Plant Systematics and Evolution

, Volume 303, Issue 9, pp 1145–1160 | Cite as

Geographic genetic structure of Iberian columbines (gen. Aquilegia)

  • Jose L. GarridoEmail author
  • Julio M. Alcántara
  • Pedro J. Rey
  • Mónica Medrano
  • Javier Guitián
  • María C. Castellanos
  • Jesús M. Bastida
  • Rafael Jaime
  • Carlos M. Herrera
Original Article


Southern European columbines (genus Aquilegia) are involved in active processes of diversification, and the Iberian Peninsula offers a privileged observatory to witness the process. Studies on Iberian columbines have provided significant advances on species diversification, but we still lack a complete perspective of the genetic diversification in the Iberian scenario. This work explores how genetic diversity of the genus Aquilegia is geographically structured across the Iberian Peninsula. We used Bayesian clustering methods, principal coordinates analyses, and NJ phenograms to assess the genetic relationships among 285 individuals from 62 locations and detect the main lineages. Genetic diversity of Iberian columbines consists of five geographically structured lineages, corresponding to different Iberian taxa. Differentiation among lineages shows particularly complex admixture patterns at Northeast and highly homogeneous toward Northwest and Southeast. This geographic genetic structure suggests the existence of incomplete lineage sorting and interspecific hybridization as could be expected in recent processes of diversification under the influence of quaternary postglacial migrations. This scenario is consistent with what is proposed by the most recent studies on European and Iberian columbines, which point to geographic isolation and divergent selection by habitat specialization as the main diversification drivers of the Iberian Aquilegia complex.


AFLP Aquilegia Diversification Iberian Peninsula Quaternary postglacial migrations Spatial genetic structure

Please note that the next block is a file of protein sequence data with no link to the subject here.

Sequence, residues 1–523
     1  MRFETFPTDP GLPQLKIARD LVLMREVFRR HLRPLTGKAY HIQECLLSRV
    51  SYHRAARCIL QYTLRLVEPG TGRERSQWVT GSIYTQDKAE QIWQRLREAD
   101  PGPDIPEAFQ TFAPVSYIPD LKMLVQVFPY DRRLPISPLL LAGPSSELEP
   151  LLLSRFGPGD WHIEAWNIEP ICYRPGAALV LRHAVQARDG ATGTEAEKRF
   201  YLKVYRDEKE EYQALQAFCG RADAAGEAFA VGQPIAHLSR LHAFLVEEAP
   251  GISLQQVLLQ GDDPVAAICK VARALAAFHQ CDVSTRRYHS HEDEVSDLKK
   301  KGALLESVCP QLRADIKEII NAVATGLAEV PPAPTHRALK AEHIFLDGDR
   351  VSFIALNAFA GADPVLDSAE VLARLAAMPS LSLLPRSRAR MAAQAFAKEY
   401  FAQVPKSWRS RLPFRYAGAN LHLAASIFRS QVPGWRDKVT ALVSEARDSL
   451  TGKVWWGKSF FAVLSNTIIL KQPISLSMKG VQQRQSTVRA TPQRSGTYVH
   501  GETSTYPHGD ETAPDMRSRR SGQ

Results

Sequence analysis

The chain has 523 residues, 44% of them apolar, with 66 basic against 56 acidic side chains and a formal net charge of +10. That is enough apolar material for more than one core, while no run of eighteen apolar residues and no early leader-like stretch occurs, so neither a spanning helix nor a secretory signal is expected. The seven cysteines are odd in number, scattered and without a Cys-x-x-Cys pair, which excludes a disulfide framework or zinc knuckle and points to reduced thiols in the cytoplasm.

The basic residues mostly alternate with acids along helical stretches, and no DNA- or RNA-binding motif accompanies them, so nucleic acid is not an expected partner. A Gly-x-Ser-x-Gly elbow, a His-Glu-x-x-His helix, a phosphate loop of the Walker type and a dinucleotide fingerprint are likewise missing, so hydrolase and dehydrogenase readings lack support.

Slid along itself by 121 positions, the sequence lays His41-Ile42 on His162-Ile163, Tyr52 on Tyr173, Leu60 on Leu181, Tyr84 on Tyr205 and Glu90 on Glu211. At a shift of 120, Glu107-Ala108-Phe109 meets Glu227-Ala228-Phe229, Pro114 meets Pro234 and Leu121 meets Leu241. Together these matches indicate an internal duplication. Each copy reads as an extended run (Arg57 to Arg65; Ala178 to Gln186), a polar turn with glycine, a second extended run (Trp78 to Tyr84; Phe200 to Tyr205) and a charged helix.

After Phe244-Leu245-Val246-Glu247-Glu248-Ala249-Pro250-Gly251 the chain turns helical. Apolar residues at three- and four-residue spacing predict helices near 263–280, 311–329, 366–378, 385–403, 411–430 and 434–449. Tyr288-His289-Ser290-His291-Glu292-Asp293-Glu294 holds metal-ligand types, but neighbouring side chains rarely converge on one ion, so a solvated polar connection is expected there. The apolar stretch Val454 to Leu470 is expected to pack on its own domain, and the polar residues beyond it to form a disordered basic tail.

Authors thank D. Guzmán and A.R. Larrinaga for his invaluable aid while sampling at Pyrenees. At Sierras de Segura y Cazorla, A. Benavente helped us finding locations and S. Arenas assisted in the field. We also benefited from the helpful advice of P. Bazaga on laboratory procedures. M.C. Martinell provided DNA extract from Avp. We also thank the Remote Sensing and Geographic Information Systems Laboratory of EBD (LAST-EBD). Bioinformatic STRUCTURE analyses were carried out on the (earlier times) freely available Bioportal ( This work was partly supported by Grant BOS2003-03979-C02-01, BOS2003-03979-C02-02, and CGL2006-01355/BOS from Ministerio Ciencia y Tecnología. During part of this work JLG was granted by the postdoctoral program (EX2003-0376) of Ministerio Educación, Cultura y Deporte, and by the Severo Ochoa Program for Centres of Excellence in R+D+I (SEV-2012-0262) of Ministerio de Economía y Competitividad.

Compliance with Ethical Standards

Human and animal rights

The authors declare that the research included in this article accomplishes with the ethical standards of the journal and with all legal requirements regarding samples collection. All authors have been informed and consent with this submission. Founding sources have been declared both in Acknowledgements section as well as in the online submission form. The research does not involve human participants and/or animals.

Conflict of interest

The authors declare that they have no conflict of interest.

Supplementary material

606_2017_1428_MOESM1_ESM.pdf (29 kb)
Supplementary material 1 (PDF 29 kb)
606_2017_1428_MOESM2_ESM.pdf (57 kb)
Supplementary material 2 (PDF 57 kb)
606_2017_1428_MOESM3_ESM.pdf (113 kb)
Supplementary material 3 (PDF 112 kb)
606_2017_1428_MOESM4_ESM.pdf (129 kb)
Supplementary material 4 (PDF 128 kb)


  1. Alcántara JM, Bastida JM, Rey PJ (2010) Linking divergent selection on vegetative traits to environmental variation and phenotypic diversification in the Iberian columbines (Aquilegia). J Evol Biol 23:1218–1233. doi: 10.1111/j.1420-9101.2010.01981.x CrossRefPubMedGoogle Scholar
  2. Alcántara JM, Jaime R, Bastida JM, Rey PJ (2014) The role of genetic constraints on the diversification of Iberian taxa of the genus Aquilegia (Ranunculaceae). Biol J Linn Soc 111:252–261. doi: 10.1111/bij.12215 CrossRefGoogle Scholar